‘We’re Still Recovering’
State educational technology funding can also come from other departments in a state. For the 2003-04 school year, New Jersey lawmakers changed part of the state administrative code to use $6.8 million from the New Jersey Schools Construction Corp., a state agency, to wire and build the technology infrastructures in new and renovated schools.
‘We've had a long history of state funding for educational technology, and we still have some. But a lot of that was eliminated.’
In Virginia, bond sales have generated more than $50 million a year for the past decade or so for schools, and districts have used that money to support their technology plans, says Lan W. Neugent, the state education department’s assistant superintendent for technology and human resources.
In 2000, the state targeted that money to finance the establishment of Virginia’s online-testing infrastructure. Since then, Virginia middle and high school students have taken more than 400,000 of the state’s standardized tests online.
For fiscal 2005, the state earmarked $59.5 million to help its education department support its online technology initiative for Virginia’s Standards of Learning assessment program.
Lawmakers in Virginia also just approved allotting a technology-resource teacher and an information-technology specialist for every 1,000 students, to the tune of $21.8 million.
In Alabama, every public school teacher now receives $181 a year for classroom technology support, an $8.5 million annual state expenditure that lawmakers brought back after cutting it for the 2003-04 school year to much public outcry.
But many other states have no funding specifically for educational technology, or have deeply cut such funding.
In Texas, for example, legislators in 2003 erased a $10 billion deficit out of a $117 billion budget for fiscal years 2004 and 2005 by enacting across-the-board cuts. State aid to public education was spared for the most part, but $33 million budgeted for the state education agency’s technology initiatives for the 2003-05 biennium still disappeared, derailing the Lone Star State’s long-range technology plan, according to state officials.
As a consequence, a pilot program in which teachers used wireless hand-held devices to help improve students’ reading skills and online content to support their biology and social studies learning suffered the budget ax.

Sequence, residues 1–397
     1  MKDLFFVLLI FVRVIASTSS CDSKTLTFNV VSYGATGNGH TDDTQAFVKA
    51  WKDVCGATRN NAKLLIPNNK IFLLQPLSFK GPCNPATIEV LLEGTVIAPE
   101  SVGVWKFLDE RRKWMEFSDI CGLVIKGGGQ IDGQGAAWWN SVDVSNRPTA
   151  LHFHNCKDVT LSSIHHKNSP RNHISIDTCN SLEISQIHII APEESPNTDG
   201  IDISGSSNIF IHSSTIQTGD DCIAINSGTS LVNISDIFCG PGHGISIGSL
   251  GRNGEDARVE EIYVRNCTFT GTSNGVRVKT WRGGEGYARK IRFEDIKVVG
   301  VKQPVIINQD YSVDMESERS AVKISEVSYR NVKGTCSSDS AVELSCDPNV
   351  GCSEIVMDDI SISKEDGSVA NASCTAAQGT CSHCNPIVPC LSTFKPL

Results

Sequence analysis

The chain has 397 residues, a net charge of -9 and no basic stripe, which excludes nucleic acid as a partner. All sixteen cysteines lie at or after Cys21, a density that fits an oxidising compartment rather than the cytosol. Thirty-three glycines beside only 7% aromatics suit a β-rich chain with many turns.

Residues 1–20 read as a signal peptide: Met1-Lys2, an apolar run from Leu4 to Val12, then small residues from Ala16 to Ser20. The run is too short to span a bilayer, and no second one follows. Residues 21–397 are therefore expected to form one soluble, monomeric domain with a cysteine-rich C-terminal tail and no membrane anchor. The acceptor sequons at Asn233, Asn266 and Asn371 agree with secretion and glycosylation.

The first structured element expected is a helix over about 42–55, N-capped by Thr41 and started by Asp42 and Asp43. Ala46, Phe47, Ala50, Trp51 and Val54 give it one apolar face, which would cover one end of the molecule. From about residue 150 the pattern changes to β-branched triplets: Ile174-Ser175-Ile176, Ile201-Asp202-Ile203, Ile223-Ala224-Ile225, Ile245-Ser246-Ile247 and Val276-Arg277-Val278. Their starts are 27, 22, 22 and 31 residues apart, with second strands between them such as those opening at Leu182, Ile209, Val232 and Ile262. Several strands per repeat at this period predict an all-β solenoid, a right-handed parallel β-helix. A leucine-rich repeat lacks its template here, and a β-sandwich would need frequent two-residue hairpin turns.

State support for technology in Texas’ 20 regional education service centers ended in 2003, and lawmakers took away another $75 million in grants slotted for school telecommunications needs, says Anita G. Givens, the director of educational technology for the Texas Education Agency.
Most telling, her staff shrank from 20 full-time employees to just three, and her department was folded into the curriculum division.
“We’ve had a long history of state funding for educational technology, and we still have some. But a lot of that was eliminated,” Givens says. “We’re still recovering.”
‘Lifeblood of Technology’
Many state educational technology directors say that while they’re grateful for the modest funds their states supply to school technology, they really rely on federal money to shore up their initiatives.
But President Bush has proposed eliminating E2T2, the Enhancing Education Through Technology program, in fiscal 2006. Funding for the program has been whittled down each year since 2002, when it totaled $700.5 million.
Many states rely heavily on federal funds to shore up state-sponsored school technology initiatives.
For the 2004-05 school year, funding for the federal program totaled $496 million, a 28 percent drop from the previous school year, when the program gave almost $692 million to states.
The possible elimination of E2T2 has made many state educational technology directors especially concerned about the status of some of their programs.
For instance, Minnesota relies on its E2T2 funds, which were cut from $6.5 million to $5 million from 2002 to 2004, to pay for the state’s electronic library for public schools, universities, and libraries, and other programs.
“[E2T2] has allowed us to provide the very basic equipment in the classroom, to [provide] staff development for teachers, and also for data-driven decisionmaking, which is strongly linked to No Child Left Behind,” says Mary Mehsikomer, the project planner senior for the Minnesota education department’s library services and school technology division. “To have that funding go away,” she says, “that will have a very strong impact for us.”
California now gives out $15 million to help regional education centers implement technology, a first-time move that has helped shore up K-12 technology, says Barbara Thalacker, the Golden State’s educational technology director. But the state educational technology department receives a far bigger amount—$90 million—of federal E2T2 aid.
Thalacker says she appreciates the state funding. “But the federal funds are more than critical,” she says. “They’re the lifeblood of technology in California.”